Here is where time spent at industry fairs in your target countries will pay off. While I encourage you to make friends with local distributors and brokers — they are great at local networking, and can introduce you to trusted resources in banking, legal and logistics circles — I advise against signing ANYTHING resembling a distribution agreement with them, exclusive or not, for the time being. It is just too soon to go steady, and you want to protect your goods and services from sandbagging by nefarious competitors or those who intend to steal your intellectual property. Sorry if I sound jaded here, but I’ve seen this scenario play out more than once.

While planning your trip, don’t forget to enlist the aid of the hard-working team at the US Department of Commerce Export Assistance Center near you. Though they work for Uncle Sam, these people think like entrepreneurs, have global-scale rolodexes, and act with the sense of urgency that business owners can appreciate. Their services, many at no cost, include access to in-market studies for your particular industry, ranging from political and regulatory obstacles down to current and forecasted market growth based upon point-of-sale data from retailers and world-class research. Put your tax dollars to work for your business!

At this step, companies very often make the strategic decision to split product lines down domestic vs. international lines. Feature sets that are vital to winning international revenue — multilingual interface, for instance — may be of negligible value to your domestic customers. And once this happens, be certain that your operations, accounting, and logistics functions can handle it. More on that in future entries.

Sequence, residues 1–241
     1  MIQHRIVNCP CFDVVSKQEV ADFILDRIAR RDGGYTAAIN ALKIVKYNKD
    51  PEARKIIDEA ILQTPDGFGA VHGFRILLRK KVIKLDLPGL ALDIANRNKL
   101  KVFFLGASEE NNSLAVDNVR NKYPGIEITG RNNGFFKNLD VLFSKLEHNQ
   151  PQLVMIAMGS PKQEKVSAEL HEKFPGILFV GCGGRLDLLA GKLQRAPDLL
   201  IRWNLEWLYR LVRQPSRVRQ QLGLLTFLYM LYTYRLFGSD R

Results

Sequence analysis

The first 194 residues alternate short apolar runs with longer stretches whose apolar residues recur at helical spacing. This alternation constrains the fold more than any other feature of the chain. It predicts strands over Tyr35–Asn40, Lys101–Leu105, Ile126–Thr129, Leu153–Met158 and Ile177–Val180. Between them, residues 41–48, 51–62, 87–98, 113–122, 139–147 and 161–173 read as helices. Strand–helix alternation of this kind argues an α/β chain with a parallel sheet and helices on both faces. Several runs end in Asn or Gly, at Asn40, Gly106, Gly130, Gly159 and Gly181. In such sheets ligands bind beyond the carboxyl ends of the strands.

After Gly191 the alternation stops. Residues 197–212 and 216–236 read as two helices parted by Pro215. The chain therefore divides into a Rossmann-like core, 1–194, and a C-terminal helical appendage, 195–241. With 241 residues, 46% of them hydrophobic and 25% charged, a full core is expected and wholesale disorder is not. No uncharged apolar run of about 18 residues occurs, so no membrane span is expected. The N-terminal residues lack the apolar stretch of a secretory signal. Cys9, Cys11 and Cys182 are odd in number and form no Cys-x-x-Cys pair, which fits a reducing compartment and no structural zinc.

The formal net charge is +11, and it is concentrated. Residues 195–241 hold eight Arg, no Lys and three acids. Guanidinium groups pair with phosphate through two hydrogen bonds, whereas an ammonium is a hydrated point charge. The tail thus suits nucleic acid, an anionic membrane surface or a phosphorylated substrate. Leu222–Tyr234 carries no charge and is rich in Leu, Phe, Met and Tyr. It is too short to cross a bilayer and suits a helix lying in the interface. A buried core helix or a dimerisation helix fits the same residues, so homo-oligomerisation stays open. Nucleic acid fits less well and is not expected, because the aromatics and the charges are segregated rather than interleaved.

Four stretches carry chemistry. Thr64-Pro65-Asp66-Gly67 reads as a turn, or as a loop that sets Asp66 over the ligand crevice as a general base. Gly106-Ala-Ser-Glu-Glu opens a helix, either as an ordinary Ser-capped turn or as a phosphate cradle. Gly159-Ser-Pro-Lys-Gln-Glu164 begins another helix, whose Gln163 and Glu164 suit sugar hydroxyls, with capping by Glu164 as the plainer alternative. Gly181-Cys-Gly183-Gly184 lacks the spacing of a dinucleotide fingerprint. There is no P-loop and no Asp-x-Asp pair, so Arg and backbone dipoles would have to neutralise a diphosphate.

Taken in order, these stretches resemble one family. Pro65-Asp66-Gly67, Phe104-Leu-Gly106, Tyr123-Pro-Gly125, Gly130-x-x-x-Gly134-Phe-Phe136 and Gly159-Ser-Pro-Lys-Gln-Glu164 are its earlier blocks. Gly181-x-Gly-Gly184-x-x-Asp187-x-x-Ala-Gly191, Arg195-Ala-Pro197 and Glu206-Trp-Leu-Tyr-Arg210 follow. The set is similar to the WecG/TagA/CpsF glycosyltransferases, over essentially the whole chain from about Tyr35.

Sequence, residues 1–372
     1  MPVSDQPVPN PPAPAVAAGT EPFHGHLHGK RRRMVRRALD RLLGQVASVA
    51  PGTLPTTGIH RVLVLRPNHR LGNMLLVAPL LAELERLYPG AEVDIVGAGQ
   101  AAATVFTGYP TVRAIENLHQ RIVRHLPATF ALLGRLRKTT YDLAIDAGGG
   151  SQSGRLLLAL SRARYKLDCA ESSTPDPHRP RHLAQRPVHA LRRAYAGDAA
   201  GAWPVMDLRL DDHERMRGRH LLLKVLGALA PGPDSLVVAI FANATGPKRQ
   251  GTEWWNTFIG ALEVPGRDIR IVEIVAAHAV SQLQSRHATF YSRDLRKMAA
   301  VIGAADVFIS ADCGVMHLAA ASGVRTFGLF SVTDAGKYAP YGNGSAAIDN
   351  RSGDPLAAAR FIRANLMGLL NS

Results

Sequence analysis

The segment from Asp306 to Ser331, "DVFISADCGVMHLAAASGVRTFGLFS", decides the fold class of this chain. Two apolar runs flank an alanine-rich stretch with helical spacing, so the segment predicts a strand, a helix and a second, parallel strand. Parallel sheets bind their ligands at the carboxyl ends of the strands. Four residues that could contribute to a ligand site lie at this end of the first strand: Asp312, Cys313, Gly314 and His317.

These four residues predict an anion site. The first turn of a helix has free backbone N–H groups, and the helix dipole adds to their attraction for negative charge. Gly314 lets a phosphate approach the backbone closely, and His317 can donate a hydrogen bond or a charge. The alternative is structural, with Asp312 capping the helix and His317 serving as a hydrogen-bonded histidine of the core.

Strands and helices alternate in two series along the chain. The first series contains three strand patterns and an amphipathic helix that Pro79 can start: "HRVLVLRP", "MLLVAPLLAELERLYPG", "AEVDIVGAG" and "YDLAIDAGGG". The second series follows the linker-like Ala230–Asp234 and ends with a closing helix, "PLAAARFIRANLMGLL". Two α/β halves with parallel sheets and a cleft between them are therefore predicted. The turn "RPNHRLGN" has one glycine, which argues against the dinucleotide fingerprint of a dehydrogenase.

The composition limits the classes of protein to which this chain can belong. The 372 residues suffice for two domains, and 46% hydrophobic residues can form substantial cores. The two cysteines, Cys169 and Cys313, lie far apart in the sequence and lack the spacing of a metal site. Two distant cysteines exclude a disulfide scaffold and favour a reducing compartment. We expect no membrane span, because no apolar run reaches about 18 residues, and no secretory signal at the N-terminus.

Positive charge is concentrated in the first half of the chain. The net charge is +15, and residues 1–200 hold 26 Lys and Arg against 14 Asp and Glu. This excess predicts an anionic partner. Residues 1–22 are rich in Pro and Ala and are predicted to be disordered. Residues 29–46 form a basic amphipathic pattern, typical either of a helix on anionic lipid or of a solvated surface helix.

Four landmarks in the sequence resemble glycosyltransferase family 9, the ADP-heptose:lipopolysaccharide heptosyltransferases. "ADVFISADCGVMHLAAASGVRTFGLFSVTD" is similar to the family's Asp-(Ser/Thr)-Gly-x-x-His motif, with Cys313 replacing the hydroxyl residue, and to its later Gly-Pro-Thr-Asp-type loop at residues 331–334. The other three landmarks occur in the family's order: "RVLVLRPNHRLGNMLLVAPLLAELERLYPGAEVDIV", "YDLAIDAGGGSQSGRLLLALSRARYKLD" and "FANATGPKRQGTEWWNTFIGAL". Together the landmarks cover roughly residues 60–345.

Next installment on the list: Allocate Resources.

Socially-Aware Branding

“Brands belong to customers, not companies.” The authors of Groundswell posit that social networking phenomena have turned the tables on how brands are conceived, launched, and shepherded towards their intended customers. Readers are encouraged to view those ominous clouds looming on the horizon not as threatening hailstorms, but as promising abundant rainwater and bumper crops.

I recently advised a client to let his company’s reputation for personal service and quality craftsmanship make its own way into the social networking sphere. How? By gathering customer and prospect fans in such venues as Facebook. Let the good word on stellar service and top-rate products linger, in places where friends and families talk about everything from soccer tournaments (“silkscreened T-shirts, free delivery”) to prom dates (“buy one corsage, get one free”) to new blenders (“let’s pulverize Chuck Norris… if we dare”).

I’m especially gung-ho on this idea for providers of community-based goods and services, who can place calls to action that trail user social networkers of a certain age or affinity group or sports team who live within a slice of nearby zip codes. And that, dear friends, is why the latest Yellow Pages is about as hefty as my 8th grade yearbook.